Django: Unchained is finally here. Django, pronounced jayn-go (where the “D” is silent) has kicked quite the hornet’s nest in it’s timely Christmas, post-Newtown, pre-gun debate release. It’s being seen by the masses and being perceived as mocking all that African American’s ancestors went through as non-willing participants of the Trans-Atlantic slave trade. And while it’s a play on its 1966 predecessor Django, it’s taking ALL the heat for being its own brand of offensive.
When the assertion was recently made that it merely mocked slavery I had to ask myself, “Does it merely DEPICT what our ancestors went through or does it go as far as to MOCK what our ancestors went through.”
I actually thought it was pretty accurate from what I’ve read of slavery up to this point. The profuse and frequent use of nigger and nigga, the whippings, the demoralizing depiction of slaves – all hallmarks not of slave films but of slave life. In fact, the only thing obviously missing was an actual hanging which I (ironically) didn’t see. Even I wouldn’t expect the movie to be any less absurd as the real thing.
In fact, and sadly, the only unrealistic thing about the film was the main slave character actually being freed specifically to exact retribution on his former oppressors. That never happened in real life o_O.
For the film’s many critics, one has certainly stood out as the most lambasting – that of cinema legend Spike Lee (who I adore). Spike Lee blasts Tarantino’s resurrection of the franchise saying, “Slavery was not a Spaghetti Western”.
In his summary of the film, that he has conveniently not seen yet) the line “Was Not A Sergio Leone Spaghetti Western” practically shouted at me. I thought “maybe not Sergio Leone but the original was directed by Sergio Corbucci.” Ironic to say the least but I get his point. To satirize in any way a subject like slavery is far from digestible. However, considering the triumph and war waged against the oppressors in the 2012 film, I would consider the thorn in Spike’s butt collateral damage.
So Spike, is it the violence? Is it the slavery? Is it the n-word? Is it Tarantino’s draw of non African American viewers that has you all bent out of shape? I’m just not sure why my seeing it disrespects our ancestors?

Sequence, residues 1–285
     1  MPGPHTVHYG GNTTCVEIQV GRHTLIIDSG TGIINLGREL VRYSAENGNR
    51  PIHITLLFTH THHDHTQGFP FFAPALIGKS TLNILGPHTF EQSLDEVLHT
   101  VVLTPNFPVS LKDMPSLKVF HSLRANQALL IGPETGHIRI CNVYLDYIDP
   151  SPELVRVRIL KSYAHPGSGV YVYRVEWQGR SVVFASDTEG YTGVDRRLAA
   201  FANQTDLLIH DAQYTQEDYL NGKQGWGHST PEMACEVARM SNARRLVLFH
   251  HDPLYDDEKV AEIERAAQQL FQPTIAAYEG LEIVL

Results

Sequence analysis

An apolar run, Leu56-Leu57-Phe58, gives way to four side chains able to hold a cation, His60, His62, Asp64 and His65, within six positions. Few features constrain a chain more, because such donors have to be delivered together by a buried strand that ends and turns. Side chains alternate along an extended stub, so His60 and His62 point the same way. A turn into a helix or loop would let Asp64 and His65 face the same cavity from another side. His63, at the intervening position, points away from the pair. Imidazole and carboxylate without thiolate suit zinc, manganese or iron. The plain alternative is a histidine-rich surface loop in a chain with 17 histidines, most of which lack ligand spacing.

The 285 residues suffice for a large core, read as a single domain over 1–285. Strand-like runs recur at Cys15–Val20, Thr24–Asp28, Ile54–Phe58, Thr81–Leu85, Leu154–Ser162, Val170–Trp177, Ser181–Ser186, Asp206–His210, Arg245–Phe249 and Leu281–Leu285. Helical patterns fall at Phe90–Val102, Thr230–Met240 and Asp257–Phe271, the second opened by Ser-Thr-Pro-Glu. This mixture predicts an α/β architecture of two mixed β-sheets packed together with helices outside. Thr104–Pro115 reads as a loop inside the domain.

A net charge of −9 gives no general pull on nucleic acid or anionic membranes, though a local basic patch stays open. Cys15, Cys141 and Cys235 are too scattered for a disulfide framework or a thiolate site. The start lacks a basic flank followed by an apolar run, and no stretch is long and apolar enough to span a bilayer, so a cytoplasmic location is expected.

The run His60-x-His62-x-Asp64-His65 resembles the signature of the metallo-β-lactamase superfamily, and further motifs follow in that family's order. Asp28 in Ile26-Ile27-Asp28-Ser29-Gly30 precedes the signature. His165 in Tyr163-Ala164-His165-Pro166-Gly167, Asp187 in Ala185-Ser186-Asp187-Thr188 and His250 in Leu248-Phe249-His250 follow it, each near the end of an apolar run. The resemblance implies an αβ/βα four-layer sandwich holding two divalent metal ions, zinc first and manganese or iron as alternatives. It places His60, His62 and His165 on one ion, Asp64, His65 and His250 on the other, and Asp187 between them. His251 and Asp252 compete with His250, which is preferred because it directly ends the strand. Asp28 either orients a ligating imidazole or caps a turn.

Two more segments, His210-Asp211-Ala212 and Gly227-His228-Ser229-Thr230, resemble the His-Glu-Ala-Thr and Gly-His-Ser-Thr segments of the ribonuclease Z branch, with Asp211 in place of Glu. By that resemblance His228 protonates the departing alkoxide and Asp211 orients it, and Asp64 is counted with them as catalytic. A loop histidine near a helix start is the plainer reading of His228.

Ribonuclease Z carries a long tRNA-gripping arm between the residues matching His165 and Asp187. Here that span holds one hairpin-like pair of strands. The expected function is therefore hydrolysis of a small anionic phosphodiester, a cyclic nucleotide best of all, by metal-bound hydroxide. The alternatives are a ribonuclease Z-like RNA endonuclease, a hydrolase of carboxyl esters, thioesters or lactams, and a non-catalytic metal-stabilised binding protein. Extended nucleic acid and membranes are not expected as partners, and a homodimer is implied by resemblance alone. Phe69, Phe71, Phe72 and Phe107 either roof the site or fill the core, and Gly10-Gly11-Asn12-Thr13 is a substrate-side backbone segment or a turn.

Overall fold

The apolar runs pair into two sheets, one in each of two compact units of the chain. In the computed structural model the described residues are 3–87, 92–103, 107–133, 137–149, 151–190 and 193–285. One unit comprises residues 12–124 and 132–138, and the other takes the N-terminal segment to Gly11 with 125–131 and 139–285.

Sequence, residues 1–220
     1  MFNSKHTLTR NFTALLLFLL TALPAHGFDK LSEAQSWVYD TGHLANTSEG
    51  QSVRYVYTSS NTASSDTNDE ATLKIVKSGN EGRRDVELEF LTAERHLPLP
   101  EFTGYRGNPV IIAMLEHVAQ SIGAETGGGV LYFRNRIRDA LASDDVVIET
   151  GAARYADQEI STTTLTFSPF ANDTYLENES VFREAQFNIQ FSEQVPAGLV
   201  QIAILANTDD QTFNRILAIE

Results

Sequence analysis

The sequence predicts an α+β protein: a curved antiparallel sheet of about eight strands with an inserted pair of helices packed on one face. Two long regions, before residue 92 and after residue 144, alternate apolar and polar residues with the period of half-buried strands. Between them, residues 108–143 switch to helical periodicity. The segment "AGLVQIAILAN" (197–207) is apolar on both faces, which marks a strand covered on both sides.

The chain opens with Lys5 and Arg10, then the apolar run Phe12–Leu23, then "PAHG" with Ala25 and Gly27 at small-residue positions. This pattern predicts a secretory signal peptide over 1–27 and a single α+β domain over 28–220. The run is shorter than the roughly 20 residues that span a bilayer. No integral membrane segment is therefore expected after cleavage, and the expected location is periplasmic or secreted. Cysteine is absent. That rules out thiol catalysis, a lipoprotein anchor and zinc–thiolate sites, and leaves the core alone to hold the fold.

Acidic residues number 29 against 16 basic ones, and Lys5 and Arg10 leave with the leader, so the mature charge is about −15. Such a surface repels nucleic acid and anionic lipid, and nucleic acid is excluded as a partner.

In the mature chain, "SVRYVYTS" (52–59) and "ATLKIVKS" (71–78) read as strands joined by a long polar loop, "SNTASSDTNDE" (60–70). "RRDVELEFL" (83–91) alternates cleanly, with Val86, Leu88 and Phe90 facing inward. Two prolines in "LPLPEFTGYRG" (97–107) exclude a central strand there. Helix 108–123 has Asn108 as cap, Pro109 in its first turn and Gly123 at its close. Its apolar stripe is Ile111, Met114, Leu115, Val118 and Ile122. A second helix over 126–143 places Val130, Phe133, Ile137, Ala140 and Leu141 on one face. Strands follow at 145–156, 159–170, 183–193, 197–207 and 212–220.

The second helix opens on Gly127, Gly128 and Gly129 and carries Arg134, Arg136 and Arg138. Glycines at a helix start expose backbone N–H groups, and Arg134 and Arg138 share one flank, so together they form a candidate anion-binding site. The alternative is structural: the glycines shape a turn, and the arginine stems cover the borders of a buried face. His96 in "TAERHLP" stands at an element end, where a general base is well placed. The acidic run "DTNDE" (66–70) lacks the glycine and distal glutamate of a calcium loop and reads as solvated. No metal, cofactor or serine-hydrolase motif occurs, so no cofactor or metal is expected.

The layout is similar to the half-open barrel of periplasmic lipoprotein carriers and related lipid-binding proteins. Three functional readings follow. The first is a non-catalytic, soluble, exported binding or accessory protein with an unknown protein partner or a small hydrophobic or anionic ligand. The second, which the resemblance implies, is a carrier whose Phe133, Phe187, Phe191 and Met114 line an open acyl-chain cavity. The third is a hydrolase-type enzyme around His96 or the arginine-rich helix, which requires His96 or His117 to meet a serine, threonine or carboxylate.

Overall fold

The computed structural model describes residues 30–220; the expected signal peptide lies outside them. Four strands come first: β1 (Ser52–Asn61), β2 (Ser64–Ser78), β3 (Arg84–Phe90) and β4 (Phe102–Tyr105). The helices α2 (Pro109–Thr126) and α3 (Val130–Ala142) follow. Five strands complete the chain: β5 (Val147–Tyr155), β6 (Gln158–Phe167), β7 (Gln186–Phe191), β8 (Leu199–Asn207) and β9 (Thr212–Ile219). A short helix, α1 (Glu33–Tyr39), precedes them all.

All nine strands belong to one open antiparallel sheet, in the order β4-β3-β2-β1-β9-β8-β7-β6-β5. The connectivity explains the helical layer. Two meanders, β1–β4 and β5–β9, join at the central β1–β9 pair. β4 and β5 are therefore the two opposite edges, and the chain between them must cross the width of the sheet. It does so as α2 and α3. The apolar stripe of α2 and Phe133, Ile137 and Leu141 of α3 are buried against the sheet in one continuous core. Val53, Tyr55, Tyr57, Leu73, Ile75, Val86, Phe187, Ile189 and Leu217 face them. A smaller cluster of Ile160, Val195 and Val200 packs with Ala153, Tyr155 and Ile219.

“I’m not gonna see it” – Lee
Although I’m sure he’s read the script I’m a bit confused as to why Spike would utter a word on a film about slavery without actually having EVER released a movie on the topic. Say it witcha chest Spike! Or put it on wax as my hip-hop brethren would say.
[humming] He’s made a movie dealing with the holocaust thooough…
Do humor and slavery mix? They are certainly not good company. No doubt. Although there is comedy in most “film” films so I would assume a modicum of humor in a slavery film. But only in as much as there is comedy in life. Where I concur with criticism of the film is whenever it feels like slavery is not taken seriously… eg: Steven, the blue suit, the obvious blood baths,etc.
Were it not for those over-the-top parts it felt like any other “slave” movie – disgusting, upsetting & outrageous…
As for the repeated use of nigger & nigga… Oh, I see “slaves” were never actually called niggers in real life. That was just THIS movie. Got it. I’m being sarcastic.
On the whole, (not to split hairs) but “slavery” did not appear to be made fun of in this film. Oppressors seem to bare the brunt of most of the satire. ALL those who condoned “slavery” were satirized. It was them that were “victims” of this film in my eyes. I actually left feeling sorry for the foolishness and ignorance of the poor slave owners … and Steven.
You say “slavery” wasn’t made fun of in this film…? Do you remember the part when…